Amid a Local Outbreak, a Historically Black University Cancels Basketball Season

ESPN this week canceled eight men’s basketball tournaments it was planning to conduct with 22 teams at Walt Disney World near Orlando, Fla., where the N.B.A. had its playoffs at a restricted site. The events were canceled after programs balked at some of ESPN’s health and safety measures, which were more stringent than those of universities and conferences. According to CBS Sports, one proposed requirement was that anyone in a team’s traveling party who tested positive had to be isolated in the Orlando area for 14 days at the university’s expense.

Four weeks before the start of the season, the Seton Hall men’s basketball team knows the dates and locations of five games on its schedule, all in December.

“I wouldn’t use the word ‘disaster’ because that would be too light a term,” Seton Hall’s coach, Kevin Willard, said Wednesday on a Big East Conference call, before settling on a descriptor that included an expletive. The conference’s commissioner, Val Ackerman, said that she hoped the rest of the 20-game conference schedule would be released in a month, and that while the conference teams in the Northeast could travel by bus as usual, the ones that are farther afield — Xavier, Creighton and Marquette, for example — could play games in a quasi-bubble.

The season’s tentative nature is driven home by the rise in virus cases, which have grown by 41 percent nationally over the last two weeks to a daily average of more than 75,000 cases — a development that was largely expected by infectious disease experts as the weather turned chilly and more people stayed indoors, where the virus can spread more easily.

Then there are places like Daytona Beach, where Bethune-Cookman sits and where tens of thousands of visitors arrived the last two weekends for Biketoberfest and Trucktoberfest events despite city commissioners not granting permits for vendors or live music. The transient population will only increase in the coming months as snowbirds arrive.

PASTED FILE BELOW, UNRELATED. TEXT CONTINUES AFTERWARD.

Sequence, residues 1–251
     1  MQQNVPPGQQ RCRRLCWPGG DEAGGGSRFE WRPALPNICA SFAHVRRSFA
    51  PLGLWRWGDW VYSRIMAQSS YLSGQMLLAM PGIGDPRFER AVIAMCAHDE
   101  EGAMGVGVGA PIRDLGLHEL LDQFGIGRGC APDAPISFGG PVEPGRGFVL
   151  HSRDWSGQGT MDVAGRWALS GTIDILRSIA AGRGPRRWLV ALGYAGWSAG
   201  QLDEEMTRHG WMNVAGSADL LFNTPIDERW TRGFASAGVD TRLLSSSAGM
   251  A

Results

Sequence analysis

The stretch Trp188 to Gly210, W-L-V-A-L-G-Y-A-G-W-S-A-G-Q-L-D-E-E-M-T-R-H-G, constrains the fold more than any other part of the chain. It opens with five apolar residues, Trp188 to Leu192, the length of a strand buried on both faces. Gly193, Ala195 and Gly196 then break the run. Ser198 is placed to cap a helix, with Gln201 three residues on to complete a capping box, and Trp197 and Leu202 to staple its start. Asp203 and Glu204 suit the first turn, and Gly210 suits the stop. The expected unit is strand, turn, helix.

Weeks ago, when the parents of Imani Reid, a sophomore forward on the Bethune-Cookman women’s basketball team, arrived from Columbia, Md., to check on their daughter after she had been involved in a car accident. Shortly after they arrived home, her mother became sick with the virus. Reid’s father and younger brother also contracted it, as did her grandparents, great-grandmother and great-aunt, though they were largely asymptomatic.

“It’s a bittersweet moment,” said Reid, who was hoping to impress the coaches with her development since last season, when Bethune-Cookman won a share of the conference title for the fourth time in five seasons. But she is also viewing the decision to halt the season as a sign of providence. The meeting, she said, was emotional — particularly for the three seniors, one of whom, Amaya Scott, was voted the Mid-Eastern Athletic Conference’s preseason player of the year.

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